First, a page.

Acupuncture in Nanaimo, BC
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Back Pain - How Acupuncture Helps
Back pain is a very common problem – it affects 80 percent of all individuals at some time in their lives. In fact, it is one of the top reasons people seek medical care. Unfortunately, back pain isn’t always easy to diagnose or treat. Low back pain in particular can become a chronic or ongoing problem.
Acupuncture and TCM are very effective in treating back pain naturally. They can also be used together with traditional Western medical treatments to maximize your healing and recovery.
How back pain happens
There are many possible causes for back pain, improper lifting, sudden movements or traumatic injury can result in sprained muscles or ligaments. Other culprits can included arthritis, structural abnormalities of the spine or the discs between the vertebrae bulging or rupturing and pressing on a nerve. Depending on the specific diagnosis, back pain is generally treated with medications, physical therapy, chiropractic care and in some cases, surgery.
Effective back pain self-care techniques:
1) Improving your posture. Examine your posture in a mirror. Try to balance your weight evenly when walking and standing.
2) Exercising. Keep your core muscles strong with regular exercise. Yoga and Qi Gong are both gentle and effective.
3) Managing stress. Stress can take a toll on your health and contribute to pain.
4) Meditation or deep-breathing techniques can help you stay calm and relaxed.
A more natural approach
Practitioners of acupuncture and TCM view to relieve your symptoms, but will also aim to find and treat the hospital, doctors concluded that acupuncture provided long-term pain relief along with improvements in physical activity levels, quality of sleep and diminished use of pain medication.
In a recent German study, patients reported the acupuncture treatments that they received were more effective for lower back pain that most conventional treatments. This study yielded such impressive results that acupuncture is now considered a mainstream treatment in Germany and is covered by state health insurance.
Acupuncture and TCM are based on the concept that Qi, the vital energy, flows through the body in pathways called meridians. If Qi becomes stagnant, unbalanced or deficient, symptoms such as back pain, ache and inflammation can result. This can happen for any number of reasons, such as injury, illness, stress or external factors (i.e. wind or dampness). According to TCM, types and possible causes of back pain are:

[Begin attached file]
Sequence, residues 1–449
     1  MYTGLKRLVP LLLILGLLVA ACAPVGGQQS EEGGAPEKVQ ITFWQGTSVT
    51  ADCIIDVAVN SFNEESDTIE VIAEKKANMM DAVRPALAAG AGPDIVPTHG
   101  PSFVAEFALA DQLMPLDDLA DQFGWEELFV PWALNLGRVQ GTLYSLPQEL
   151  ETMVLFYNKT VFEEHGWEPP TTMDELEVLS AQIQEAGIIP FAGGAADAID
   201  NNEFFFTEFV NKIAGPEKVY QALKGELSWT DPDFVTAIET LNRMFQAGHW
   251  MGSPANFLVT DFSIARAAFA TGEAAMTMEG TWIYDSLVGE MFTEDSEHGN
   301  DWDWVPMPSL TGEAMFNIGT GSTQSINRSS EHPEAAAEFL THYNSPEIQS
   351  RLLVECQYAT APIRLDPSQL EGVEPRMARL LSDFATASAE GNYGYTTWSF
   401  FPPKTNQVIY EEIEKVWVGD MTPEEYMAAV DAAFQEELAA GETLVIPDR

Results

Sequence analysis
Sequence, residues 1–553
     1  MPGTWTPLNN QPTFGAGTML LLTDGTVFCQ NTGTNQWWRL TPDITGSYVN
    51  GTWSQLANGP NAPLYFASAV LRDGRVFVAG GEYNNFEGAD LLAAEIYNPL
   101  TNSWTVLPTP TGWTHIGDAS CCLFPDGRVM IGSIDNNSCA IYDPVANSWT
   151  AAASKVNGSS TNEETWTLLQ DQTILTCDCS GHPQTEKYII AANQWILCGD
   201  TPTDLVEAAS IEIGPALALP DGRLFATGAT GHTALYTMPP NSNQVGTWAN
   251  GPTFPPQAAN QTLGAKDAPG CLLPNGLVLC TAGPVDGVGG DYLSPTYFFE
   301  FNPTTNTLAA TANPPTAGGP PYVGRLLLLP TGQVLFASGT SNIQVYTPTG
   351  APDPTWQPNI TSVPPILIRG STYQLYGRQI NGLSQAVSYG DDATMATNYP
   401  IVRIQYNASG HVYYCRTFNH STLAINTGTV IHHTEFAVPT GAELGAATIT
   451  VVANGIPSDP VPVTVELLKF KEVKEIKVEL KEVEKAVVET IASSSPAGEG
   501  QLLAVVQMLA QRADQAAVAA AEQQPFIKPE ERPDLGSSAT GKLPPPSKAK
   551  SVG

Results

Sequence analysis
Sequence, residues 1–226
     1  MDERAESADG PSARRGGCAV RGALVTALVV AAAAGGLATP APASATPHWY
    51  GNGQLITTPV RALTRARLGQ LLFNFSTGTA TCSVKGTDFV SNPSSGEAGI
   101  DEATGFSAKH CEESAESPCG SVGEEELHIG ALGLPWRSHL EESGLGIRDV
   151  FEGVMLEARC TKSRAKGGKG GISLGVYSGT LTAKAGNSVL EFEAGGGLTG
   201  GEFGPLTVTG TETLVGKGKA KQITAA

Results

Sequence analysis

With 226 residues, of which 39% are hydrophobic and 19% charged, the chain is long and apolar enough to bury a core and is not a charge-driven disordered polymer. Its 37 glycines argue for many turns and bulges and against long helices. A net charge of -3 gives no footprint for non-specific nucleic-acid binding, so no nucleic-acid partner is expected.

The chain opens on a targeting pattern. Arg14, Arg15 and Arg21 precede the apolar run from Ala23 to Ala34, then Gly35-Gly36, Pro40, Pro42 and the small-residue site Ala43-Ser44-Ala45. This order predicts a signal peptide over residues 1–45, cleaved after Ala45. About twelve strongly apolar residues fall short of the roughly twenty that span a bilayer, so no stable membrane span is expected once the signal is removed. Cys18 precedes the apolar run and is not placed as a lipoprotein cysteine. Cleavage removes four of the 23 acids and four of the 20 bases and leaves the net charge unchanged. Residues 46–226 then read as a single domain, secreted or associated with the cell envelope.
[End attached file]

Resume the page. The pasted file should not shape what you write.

Stagnation – a pain that is often linked to sudden, stabbing, sever pain that is related to sprains, strains or trauma. It can be accompanied by stiffness and tightness and becomes worse with rest. If it occurs often in the same area(s) it may reflect an underlying deficiency.
Cold, damp obstruction – a pain that is generally worse in the morning and exacerbated by cold or damp weather. This type of pain condition may be associated with numbness, swelling and a sense of “heaviness.” Heat improves this condition.
Deficiency – a pain is usually a chronic condition that presents with a “dull” pain and improves with rest.
Once your practitioners has determined the cause(s) of your back pain, he or she will design a specific treatment vitality. During acupuncture treatments, your practitioner will insert fine, sterile needles into specific acupuncture points along the meridian pathways in order to restore the balance and flow of Qi. He or she may also perform acupressure or other types of therapy, based on your unique issues and symptoms.
Haake, M. Archives of Internal Medicine, Sept 24 2007l vol 167:pp 1892-1899. Heaiz G. Endres, MD, Eric Manheimer, MS, Research associate, center for integrative medicine, university of Maryland School of Medicine, College Park.
Manheimer,MS, research associate, center for integrative medicine, university of Maryland Schoolf of mediciene, college park
Back pain. Mayoclinic.com. feb. 8 2008. http://mayoclinic.com/health/back-pain/DS00171/DSECTION=1.Sollars, David W. L,Ac. The complete idiot’s guide to acupuncture and acupressure. Alpha books, 2000. Stolen, Al.L.Ac. Chinese medicine for back pain. Acupuncture.com. http://acupuncture.com/conditions/backpain1.htm.
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